Note that many travel guides mention the “wild ponies” of Ocracoke as one of the signature attractions. Well, the ponies exist and you can see them…inside a fenced in enclosure off the main road. This is where they have been kept since the 1950’s by the National Park Service to prevent accidents on the narrow island’s single busy road. Like many groups of “wild” horses scattered around the United States, these are better termed ‘free range livestock’ and are managed by the park staff.
If you want to see ponies in the wild our advice is to head down to seldom visited Cape Lookout and see the Ponies of Shackleford Banks. These too are managed, but are generally free roaming (they are ‘penned’ in by deeper water that surrounds the islands) and feel less like domestic livestock and more like something wild. You can also see “quasi-wild” ponies at Corolla further north, and at Grayson Highlands in the Virginia Blue Ridge.
Our advice here? Rent (or bring) a bike and take a bike ride around Ocracoke village which is the home of small, but charming, Ocracoke Lighthouse.
Fort Macon and Beaufort, NC
All things considered our favorite destination on the coast is probably North Carolina’s Crystal Coast. It’s easy to reach, much less developed than the commercial beaches further South, and still offers some small seacoast towns that have real charm. Representing these two classes is the little town of Beaufort, and nearby Fort Macon State Park.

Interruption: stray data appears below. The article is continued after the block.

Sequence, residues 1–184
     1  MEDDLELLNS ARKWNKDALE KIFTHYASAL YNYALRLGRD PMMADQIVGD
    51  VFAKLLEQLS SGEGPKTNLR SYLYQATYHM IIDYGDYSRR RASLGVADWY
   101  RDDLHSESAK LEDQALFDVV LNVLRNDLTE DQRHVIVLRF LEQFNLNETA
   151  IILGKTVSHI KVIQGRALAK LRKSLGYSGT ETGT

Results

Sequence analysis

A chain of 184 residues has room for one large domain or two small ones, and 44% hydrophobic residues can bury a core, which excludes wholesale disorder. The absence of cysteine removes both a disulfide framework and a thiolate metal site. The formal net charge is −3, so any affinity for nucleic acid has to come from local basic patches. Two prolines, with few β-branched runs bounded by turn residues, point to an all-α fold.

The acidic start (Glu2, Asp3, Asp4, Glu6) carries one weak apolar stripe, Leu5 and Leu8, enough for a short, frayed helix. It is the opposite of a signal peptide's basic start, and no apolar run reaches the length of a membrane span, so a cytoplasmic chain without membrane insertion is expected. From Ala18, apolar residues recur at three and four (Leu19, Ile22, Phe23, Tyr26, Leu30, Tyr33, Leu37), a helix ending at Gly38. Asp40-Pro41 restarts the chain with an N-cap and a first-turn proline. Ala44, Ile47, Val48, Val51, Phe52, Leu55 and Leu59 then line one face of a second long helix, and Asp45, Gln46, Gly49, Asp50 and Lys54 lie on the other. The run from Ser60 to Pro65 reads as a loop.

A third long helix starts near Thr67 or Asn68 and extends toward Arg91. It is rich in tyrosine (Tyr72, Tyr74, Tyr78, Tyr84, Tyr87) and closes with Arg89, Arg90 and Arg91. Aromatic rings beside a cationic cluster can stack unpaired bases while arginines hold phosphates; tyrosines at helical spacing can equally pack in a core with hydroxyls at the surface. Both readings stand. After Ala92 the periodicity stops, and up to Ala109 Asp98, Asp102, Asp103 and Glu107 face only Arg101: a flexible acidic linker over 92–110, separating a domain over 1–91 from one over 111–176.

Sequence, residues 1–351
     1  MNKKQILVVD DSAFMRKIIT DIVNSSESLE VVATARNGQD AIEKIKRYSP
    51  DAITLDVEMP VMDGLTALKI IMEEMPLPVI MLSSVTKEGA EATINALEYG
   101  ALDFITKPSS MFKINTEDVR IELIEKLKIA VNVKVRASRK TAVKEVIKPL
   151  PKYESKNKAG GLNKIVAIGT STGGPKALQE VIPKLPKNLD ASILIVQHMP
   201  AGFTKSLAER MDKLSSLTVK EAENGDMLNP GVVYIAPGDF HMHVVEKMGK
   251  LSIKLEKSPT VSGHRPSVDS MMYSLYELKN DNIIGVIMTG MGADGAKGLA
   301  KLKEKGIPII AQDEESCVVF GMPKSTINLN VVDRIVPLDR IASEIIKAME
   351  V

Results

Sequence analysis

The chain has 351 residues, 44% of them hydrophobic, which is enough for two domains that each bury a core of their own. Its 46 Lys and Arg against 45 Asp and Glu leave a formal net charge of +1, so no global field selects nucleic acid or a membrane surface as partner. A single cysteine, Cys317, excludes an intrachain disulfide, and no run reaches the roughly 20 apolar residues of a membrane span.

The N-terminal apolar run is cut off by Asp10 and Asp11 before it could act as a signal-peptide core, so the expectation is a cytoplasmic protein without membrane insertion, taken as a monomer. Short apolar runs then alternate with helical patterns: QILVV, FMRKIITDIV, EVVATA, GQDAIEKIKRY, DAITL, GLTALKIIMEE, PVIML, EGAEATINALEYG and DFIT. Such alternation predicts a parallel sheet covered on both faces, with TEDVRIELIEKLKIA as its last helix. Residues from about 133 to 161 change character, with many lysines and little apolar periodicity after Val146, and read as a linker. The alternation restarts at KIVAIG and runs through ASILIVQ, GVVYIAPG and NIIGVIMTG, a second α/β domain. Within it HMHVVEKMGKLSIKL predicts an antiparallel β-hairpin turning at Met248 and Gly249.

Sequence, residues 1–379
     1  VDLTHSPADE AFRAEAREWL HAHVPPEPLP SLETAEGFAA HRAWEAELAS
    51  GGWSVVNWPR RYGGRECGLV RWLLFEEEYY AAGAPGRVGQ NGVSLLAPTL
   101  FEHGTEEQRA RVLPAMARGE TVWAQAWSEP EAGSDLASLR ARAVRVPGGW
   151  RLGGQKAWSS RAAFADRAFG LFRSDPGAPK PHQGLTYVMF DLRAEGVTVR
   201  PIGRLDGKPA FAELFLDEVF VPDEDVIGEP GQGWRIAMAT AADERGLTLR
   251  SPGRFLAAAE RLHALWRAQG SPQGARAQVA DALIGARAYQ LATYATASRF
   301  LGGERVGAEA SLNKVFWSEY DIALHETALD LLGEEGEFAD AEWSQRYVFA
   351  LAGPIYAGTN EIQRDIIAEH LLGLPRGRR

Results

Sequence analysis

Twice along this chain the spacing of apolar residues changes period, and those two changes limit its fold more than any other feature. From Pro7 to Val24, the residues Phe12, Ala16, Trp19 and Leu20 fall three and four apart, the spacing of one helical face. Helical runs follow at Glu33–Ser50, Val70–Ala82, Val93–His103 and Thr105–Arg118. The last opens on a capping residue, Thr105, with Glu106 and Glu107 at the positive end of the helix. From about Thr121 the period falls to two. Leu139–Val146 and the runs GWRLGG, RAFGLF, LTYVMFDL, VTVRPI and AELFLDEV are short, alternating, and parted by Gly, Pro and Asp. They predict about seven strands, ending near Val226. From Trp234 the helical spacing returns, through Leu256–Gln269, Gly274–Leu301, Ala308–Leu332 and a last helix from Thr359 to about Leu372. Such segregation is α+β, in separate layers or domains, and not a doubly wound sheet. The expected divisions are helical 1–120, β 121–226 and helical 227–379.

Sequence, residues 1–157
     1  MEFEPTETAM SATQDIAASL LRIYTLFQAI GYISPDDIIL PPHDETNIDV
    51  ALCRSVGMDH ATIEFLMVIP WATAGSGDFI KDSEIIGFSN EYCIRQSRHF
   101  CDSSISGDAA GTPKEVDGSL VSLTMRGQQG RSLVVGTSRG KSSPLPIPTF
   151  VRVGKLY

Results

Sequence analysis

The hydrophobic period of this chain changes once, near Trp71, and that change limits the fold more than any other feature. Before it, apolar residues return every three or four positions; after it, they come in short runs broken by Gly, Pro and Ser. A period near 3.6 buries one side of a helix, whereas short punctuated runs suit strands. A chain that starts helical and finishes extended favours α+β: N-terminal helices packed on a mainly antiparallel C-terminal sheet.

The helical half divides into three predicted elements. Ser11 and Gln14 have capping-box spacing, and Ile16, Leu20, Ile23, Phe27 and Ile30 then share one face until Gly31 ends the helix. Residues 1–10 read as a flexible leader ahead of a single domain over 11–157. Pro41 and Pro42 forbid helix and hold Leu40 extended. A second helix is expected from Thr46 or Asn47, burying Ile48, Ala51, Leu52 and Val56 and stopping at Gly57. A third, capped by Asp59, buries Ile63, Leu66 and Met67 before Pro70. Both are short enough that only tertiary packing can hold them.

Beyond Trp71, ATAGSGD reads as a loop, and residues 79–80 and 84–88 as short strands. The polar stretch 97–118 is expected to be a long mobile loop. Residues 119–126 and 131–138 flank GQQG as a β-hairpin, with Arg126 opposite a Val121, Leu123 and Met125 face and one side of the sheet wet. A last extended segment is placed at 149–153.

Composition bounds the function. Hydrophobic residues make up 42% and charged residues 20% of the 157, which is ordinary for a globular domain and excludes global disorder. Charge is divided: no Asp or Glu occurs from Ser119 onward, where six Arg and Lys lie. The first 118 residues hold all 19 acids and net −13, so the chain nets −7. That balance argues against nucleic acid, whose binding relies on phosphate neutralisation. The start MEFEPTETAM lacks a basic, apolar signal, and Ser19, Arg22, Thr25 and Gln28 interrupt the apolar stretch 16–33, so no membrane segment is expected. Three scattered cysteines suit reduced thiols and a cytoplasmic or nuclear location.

Beaufort ranks as one of our favorite small towns in the Carolinas. From the downtown you can take a private boat and go see ‘wild’ ponies out on Shackleford Banks — or you might even be able to see the ponies, which are scattered in small herds throughout the offshore islands, right from the outdoor decks of the restaurants in town.
Fort Macon is just a few miles from Beaufort (both are just outside of bigger Morehead City.) It is sort of the companion to the busier Fort Fisher located out on Cape Fear, which is quite good in its own right. There is a historic fort here, as the name implies, and also a fine and lightly developed sand beach. Like almost all NC State Parks, admission is totally free. But please keep your dogs on a leash!
Jockey’s Ridge State Park
Though it may well be overrun with people on peak summer weekends Jockey’s Ridge is still worth seeing. This is the largest active sand dune system in the eastern United States, and is a great place for kite flying, hang gliding, and just general ‘dunacy.’ Dogs love it too…just bring plenty of water. We recommend visiting on a weekday if possible Jockey’s Ridge is the busiest state park in the NC system (and like almost all the rest, admission is free!)
There is a very nice driving trip that requires 2-3 days and allows you to take in everything listed above. It begins on NC 70 in New Bern NC, which is a fine place to visit itself; moves south on 70 to the Crystal Coast; proceeds along a small scenic route to Cedar Island where it hops on the ferry (this ferry is NOT free and runs infrequently; check the schedule on the NCDOT website.) The Ferry drops one at Ocracoke, which in turn is lined to Hatteras by the shorter ferry described above. From Hatteras it’s just an hour or two to reach Nags Head, where one can pick up US 64 and from there complete the loop back to New Bern or else speed off to whence you came.
Next we’ll look at some other places one can go in and around the Carolinas to escape the heat of the long, hit summer.